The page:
Large metropolitan cities also need ready supplies of food. By 2050, nearly 70 percent of the world population, or roughly 7 billion people, will live in urban areas. While the dream of vertical farming—or indoor, soilless agriculture methods—remains fraught with cost and energy-use challenges, the building blocks of aeroponic and hydroponic technologies have finally taken off in recent years. Currently, these operations are typically run in exurban warehouses, but as methods improve and economies of scale increase, there is the exciting possibility of vertically integrated farms in downtown centers that could reduce wasteful shipping routes and improve urban resilience. In a 2009 feature for Scientific American, microbiologist Dr. Dickson Despommier sketched his vision for a 30-story vertical farm that would not only grow fruits, vegetables, and grains, but also include street-level groceries and restaurants, as well as on-site composting and wastewater replenishment, all powered by solar cells and, for those few scraps that cannot be recycled, waste-to-energy incinerators. 

Housing and agriculture are just two of the many pressing needs facing cities. But these examples can help shatter our narrow preconceptions and reimagine those hulking containers not as end-games for corporate hegemony or winner-take-all capitalism, but as sites of bold experimentation to revitalize our conception of the urban public—from better schools and integrated hospitals to abundant libraries and community centers. Rebuilding a better future can begin with repurposing these existing spaces.


The skyscraper must rank among America’s most successful inventions, as measured by its viral reach, its hegemonic financial logic, its pure endurance. As western skylines stagnate, emerging cities abroad are rising more quickly than ever. Before-and-after pictures from Southeast Asia or the Gulf region show the baffling transformation of farmland and desert into towering metropolises, in the span of twenty years, like some alien virus had spawned an entirely new civilization. In many parts of the world, theThe skyscraper is as prevalent and widespread as airplanes or fast food, as undeniably convenient and secretly insidious to ourselves and the natural environment.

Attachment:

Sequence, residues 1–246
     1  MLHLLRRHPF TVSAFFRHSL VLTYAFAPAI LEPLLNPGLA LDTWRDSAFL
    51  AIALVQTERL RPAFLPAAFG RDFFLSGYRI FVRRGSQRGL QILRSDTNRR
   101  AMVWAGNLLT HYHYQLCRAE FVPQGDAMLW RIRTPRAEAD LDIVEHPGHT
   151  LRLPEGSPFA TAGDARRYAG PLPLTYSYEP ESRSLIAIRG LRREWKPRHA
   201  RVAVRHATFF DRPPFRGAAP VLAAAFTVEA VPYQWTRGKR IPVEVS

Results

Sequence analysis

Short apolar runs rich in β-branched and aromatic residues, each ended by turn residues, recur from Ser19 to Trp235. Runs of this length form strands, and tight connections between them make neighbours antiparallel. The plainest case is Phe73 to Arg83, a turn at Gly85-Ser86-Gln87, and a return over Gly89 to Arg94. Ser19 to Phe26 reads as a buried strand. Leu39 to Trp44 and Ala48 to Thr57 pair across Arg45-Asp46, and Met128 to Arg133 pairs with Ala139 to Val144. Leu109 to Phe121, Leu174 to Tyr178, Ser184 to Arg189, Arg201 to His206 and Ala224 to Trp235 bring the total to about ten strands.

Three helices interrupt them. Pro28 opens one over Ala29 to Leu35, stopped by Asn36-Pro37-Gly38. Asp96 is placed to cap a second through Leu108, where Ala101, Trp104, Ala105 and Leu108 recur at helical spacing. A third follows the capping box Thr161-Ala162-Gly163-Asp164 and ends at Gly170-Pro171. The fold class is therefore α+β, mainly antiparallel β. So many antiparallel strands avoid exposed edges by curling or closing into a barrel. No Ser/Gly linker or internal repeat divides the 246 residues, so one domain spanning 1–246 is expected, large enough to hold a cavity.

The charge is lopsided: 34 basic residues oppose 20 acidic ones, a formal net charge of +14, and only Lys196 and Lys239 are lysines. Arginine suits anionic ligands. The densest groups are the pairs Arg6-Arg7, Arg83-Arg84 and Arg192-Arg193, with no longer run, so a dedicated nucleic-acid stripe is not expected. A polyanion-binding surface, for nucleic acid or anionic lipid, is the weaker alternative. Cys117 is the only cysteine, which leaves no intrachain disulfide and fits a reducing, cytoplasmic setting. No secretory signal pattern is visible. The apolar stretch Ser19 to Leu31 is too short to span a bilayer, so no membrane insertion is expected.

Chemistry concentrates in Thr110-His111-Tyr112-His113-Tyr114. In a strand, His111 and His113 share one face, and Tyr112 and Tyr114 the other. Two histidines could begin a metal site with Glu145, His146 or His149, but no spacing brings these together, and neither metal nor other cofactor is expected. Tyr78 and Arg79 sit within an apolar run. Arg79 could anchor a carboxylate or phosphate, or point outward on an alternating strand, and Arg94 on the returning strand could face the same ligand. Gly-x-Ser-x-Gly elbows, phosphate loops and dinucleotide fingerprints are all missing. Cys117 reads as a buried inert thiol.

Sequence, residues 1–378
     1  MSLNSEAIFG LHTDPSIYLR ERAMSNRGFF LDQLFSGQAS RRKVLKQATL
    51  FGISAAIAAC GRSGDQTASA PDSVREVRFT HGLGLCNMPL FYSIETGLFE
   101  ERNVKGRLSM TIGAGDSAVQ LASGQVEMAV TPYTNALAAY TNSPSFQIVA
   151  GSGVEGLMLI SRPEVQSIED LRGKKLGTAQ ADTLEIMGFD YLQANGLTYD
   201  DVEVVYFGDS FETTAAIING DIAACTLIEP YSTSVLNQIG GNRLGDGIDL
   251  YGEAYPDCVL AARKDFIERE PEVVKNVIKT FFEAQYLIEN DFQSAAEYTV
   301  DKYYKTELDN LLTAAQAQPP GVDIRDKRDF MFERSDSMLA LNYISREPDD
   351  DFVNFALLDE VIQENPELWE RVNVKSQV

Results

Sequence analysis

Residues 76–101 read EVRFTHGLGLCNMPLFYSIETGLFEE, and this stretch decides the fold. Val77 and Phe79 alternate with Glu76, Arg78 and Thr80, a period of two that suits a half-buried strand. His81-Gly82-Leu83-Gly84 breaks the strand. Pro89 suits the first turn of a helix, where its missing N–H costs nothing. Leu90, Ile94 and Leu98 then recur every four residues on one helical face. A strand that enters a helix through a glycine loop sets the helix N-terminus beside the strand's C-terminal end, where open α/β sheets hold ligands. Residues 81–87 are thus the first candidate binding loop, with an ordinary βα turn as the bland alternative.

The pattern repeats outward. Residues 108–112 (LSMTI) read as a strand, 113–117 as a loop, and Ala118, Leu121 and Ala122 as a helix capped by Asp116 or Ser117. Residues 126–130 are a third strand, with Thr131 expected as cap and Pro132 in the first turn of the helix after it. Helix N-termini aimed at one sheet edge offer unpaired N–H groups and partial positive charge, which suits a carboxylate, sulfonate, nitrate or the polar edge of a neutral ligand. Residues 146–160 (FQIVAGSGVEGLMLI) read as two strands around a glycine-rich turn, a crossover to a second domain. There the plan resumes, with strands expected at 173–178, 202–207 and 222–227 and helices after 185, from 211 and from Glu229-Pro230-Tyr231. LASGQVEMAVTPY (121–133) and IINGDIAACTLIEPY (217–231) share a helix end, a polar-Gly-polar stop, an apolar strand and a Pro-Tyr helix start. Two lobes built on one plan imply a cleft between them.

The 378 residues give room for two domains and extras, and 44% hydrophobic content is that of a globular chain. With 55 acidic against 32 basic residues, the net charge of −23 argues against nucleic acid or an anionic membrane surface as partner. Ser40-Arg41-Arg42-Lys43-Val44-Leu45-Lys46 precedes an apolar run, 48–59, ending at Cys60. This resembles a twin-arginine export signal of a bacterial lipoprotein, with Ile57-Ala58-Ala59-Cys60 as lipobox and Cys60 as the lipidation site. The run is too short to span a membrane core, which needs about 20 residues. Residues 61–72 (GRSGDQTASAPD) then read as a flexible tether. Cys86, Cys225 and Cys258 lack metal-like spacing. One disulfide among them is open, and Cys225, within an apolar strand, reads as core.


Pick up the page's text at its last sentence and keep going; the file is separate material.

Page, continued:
More than anything, the skyscraper can represent a poetic achievement, a space-age fantasy akin to the ballyhooed moon landing—a psychic threshold that deludes otherwise reasonable individuals with a superiority complex, over others and the natural world we inherit. The city-in-the-sky is another frontier fantasy that stems from an imperial desire to export or recreate our presumably better way of life in some far-flung place. Techno-optimists envision bubble cities on the moon, or aboard seasteading superships. It is a false notion of progress, a masturbatory exercise, disconnected from any real social problem or need, other than narcissistic self-propagation. 

In some ways, it can feel as though skyscrapers are the last great architecture.  At your local library, the “Design” shelves are likely filled with books bearing titles like “From Stones to Skyscrapers,” or the “Skyward Trend of Thought,” childrens’ books and adult hardbacks alike that recall the wonder I once felt about those aspirational skylines, and which I still believe can be salvaged towards some renaissance of greater purpose or meaning. But what comes next? Is there a signature architecture of the digital age? Is it the hidden, monolithic warehouses beyond the city limits that have piped goods to our homes throughout the pandemic? As we continue to imagine new possibilities for the vacant office tower, we can also remember that there remains an expansive field of opportunities to solve these problems with novel and more human-scale designs as well.